And should he stoop to raise it from the earth,
He coldly places it upon his helm.
 
He knoweth not what holy, ardent flame
It doth awaken in a woman’s heart;
How all her being—every thought—each wish—        35
Revolves forever on this single point.
Like to the young bird, round its mother’s nest
While fluttering, doth her anxious boding care
Watch o’er her love; her cradle and her grave,
Her whole of life—a jewel of rich price—        40
She hangs upon the bosom of her faith.
 
Man loves, ’tis true; but his capacious heart
Finds room for other feelings than his love,
And much that woman’s purity condemns
He deems amusement or an idle jest.        45
A kiss from other lips he takes at will.
Alas that this is so! yet so it is.  [Turns and sees Phaon sleeping.]
Ha, see! Beneath the shadow of yon rose
The faithless dear one slumbers. Ay, he sleeps,
And quiet rest hath settled on his brow.        50
Thus only slumbers gentle innocence;
Alone thus gently breathes th’ unburdened breast.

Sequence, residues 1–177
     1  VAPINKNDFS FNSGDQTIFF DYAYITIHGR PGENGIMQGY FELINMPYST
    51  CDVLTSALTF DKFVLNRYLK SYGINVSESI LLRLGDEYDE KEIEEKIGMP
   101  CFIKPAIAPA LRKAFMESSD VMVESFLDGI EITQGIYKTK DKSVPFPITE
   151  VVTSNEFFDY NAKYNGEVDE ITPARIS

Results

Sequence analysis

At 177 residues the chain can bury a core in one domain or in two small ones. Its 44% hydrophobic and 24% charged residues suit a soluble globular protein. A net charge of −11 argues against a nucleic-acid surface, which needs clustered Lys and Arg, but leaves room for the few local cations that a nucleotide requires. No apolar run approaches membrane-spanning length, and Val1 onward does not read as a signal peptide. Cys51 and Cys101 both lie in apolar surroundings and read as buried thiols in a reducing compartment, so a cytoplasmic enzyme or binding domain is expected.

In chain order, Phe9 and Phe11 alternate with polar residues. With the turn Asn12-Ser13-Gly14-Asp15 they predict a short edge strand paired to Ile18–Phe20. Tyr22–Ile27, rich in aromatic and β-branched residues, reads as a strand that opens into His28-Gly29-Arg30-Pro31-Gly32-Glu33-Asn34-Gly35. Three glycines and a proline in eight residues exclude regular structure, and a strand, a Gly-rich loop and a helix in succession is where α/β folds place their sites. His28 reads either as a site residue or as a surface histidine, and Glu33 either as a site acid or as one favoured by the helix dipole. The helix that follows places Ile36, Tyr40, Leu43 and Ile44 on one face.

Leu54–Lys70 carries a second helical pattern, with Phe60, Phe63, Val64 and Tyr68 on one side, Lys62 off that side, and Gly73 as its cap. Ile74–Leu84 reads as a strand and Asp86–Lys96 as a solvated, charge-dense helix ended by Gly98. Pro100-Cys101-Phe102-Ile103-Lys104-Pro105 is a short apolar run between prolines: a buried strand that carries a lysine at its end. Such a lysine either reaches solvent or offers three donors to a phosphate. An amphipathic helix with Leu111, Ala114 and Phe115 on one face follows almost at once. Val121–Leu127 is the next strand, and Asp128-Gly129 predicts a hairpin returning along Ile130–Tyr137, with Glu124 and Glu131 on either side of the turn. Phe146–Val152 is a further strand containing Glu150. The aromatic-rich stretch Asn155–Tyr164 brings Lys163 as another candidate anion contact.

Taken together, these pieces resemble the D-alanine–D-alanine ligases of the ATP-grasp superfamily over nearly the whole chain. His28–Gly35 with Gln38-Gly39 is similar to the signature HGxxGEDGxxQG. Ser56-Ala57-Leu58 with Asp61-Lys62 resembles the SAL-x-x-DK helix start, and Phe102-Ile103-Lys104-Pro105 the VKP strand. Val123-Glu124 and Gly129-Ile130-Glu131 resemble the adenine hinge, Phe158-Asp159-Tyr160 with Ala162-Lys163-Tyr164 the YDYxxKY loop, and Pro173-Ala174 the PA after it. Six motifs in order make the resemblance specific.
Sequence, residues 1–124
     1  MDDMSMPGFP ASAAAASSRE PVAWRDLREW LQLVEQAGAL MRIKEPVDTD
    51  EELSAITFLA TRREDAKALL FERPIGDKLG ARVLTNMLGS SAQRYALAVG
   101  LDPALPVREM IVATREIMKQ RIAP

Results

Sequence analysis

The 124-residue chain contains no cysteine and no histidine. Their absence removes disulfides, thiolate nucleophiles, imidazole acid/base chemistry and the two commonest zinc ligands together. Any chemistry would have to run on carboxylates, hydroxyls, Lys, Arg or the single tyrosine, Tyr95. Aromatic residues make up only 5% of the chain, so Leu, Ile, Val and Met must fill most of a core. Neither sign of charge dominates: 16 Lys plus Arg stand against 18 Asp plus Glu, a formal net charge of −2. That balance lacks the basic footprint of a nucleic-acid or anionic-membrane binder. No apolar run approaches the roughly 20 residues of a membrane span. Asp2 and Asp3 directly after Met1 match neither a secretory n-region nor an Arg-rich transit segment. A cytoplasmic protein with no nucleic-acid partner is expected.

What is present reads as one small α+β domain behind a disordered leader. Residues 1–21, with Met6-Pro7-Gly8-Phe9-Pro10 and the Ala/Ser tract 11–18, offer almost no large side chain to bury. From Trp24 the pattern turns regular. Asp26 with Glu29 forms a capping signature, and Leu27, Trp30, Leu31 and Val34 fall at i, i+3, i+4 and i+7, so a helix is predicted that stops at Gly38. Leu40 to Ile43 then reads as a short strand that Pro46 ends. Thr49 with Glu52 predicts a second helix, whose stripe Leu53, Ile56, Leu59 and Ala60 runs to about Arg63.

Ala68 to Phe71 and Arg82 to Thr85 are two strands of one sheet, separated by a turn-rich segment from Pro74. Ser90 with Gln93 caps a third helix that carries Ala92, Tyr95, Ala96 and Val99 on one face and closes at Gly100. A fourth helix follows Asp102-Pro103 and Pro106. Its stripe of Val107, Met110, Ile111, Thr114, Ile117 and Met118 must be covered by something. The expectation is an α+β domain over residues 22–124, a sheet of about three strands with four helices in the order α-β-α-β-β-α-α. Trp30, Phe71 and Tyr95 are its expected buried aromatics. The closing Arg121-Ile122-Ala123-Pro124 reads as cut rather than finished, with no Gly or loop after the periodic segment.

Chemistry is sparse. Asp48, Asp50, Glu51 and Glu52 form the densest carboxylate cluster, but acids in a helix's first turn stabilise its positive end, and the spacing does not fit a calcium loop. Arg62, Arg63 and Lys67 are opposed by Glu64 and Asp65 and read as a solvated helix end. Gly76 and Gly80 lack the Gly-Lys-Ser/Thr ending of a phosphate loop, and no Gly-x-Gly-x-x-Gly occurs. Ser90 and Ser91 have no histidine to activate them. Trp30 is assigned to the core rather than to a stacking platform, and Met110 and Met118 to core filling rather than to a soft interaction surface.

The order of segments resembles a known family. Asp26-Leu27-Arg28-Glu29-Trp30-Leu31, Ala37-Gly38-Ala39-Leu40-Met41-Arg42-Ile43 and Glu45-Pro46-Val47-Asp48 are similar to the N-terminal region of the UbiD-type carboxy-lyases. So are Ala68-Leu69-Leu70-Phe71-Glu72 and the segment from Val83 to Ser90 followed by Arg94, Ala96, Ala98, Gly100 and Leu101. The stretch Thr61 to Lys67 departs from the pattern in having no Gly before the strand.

Yes, dearest! I will trust thy peaceful sleep,
Whate’er thy waking painful may disclose.
Forgive me, then, if I have injured thee        55
By unjust doubt; or if I dared to think
That falsehood could approach a shrine so pure.
 
A smile plays o’er his mouth! His lips divide!
A name is hovering in his burning breath!
Awake, and call thy Sappho! She is near!        60
Her arms are clasped about thee!
[She kisses his brow.  Phaon awakes, and with half-opened eyes exclaims:]
                            Melitta!
  Sappho  [starting back]—                        Ha!
  Phaon—Who hath disturbed me? What envious hand
Hath driven from my soul the happy dream?  [Recollecting himself.]